and I'm glad we took the journey. the day was quite perfect. the countryside peaceful. scenery like art.

beyond the cemetery gates were woods and long grasses. and a cave full of old car parts and wire. friend Sam has pictures of the cave. I was too busy laying underneath shady trees, watching fuzzy caterpillars crawl around in the grass to go far enough to find it myself.

everything seemed so still out there. we were surrounded by the dead and their gravestones.

nothing else but birds. maybe some distant traffic.

there was a creek nearby, too. Big Walnut Creek. and an old covered bridge that cars aren't allowed to drive on anymore.

tomorrow: kayaking. and next week: more kayaking? why not?

Friday, May 8

and counting

my semester is just about over. scraps of grading left, but nothing that will take very much stress. summer is at last welcome to my brain. I am making lists of books and places and projects and goals.

there are forty-five days until my half-birthday.

there are nine more posts after this one, waiting to be written and posted and counted, before there will be one thousand posts here on this blog.

I think it makes sense to post the thousandth one on my half-birthday. as a present to myself.

and that means committing to a new blogpost every five days or so. I can do this. I just spent thirty days posting daily, and before that I usually posted once every seven days anyway. every five days is not so different.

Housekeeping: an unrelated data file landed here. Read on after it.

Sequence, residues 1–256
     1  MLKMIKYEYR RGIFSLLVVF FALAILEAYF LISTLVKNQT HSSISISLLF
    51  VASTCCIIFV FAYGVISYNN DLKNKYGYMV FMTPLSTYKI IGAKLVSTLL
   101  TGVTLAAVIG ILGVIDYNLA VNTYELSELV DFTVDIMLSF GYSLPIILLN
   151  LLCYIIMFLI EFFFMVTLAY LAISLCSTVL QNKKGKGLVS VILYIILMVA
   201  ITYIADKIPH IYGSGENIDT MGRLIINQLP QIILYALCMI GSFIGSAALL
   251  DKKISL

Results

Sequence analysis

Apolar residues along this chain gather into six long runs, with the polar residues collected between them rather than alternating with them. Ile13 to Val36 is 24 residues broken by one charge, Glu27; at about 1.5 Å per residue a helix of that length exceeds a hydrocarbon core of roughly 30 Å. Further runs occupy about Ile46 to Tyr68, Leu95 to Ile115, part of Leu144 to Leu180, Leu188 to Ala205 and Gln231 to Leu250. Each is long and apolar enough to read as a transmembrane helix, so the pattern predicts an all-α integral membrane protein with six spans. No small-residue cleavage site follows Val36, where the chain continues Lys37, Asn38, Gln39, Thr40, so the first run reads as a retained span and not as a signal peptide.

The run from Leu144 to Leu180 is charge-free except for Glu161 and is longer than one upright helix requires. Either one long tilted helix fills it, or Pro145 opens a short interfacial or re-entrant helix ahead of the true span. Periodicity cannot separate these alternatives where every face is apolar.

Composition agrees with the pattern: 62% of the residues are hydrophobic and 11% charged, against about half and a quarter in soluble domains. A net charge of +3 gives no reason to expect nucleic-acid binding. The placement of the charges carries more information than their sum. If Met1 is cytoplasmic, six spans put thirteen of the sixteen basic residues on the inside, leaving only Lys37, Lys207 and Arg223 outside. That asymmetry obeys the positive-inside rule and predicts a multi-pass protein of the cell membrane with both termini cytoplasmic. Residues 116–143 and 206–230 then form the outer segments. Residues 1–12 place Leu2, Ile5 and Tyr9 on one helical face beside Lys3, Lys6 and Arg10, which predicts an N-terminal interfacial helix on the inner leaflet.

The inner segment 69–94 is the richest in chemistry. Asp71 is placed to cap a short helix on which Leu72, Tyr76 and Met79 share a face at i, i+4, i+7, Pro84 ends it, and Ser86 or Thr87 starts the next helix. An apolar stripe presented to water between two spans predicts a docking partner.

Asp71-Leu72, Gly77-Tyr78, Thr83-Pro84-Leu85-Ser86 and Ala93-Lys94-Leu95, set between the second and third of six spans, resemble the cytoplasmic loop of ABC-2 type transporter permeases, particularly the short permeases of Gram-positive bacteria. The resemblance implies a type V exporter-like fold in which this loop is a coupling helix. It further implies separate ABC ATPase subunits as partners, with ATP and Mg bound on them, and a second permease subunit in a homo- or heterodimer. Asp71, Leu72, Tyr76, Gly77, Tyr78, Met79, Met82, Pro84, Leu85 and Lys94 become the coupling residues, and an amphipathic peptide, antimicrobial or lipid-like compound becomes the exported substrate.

speaking of daily-blogging, friend Patti is blogging every day in May! it's wonderful and cool to see her posts show up way more often in my blog feed. this one from the other day about pictures of book pages made me think not only about the patterns of Patti's noticings and recordings of her noticings, but also about the patterns of all the shapes and textures in those captured pages. the fonts and the weights and the spacings. kerning and leading and alignments and indentations. perhaps that's what I would study if Patti's instagram account was handed to me as a corpus to be researched. hmm.

but I have other things to research! like a recipe from this old magazine that ended up... well, it ended up here, in a blogpost that I wrote almost exactly two years ago. how it ended up there, and what all the mutations that happened along the way might mean in terms of technical communication and digital communities... that is a thing I've been trying to write about. wish me luck.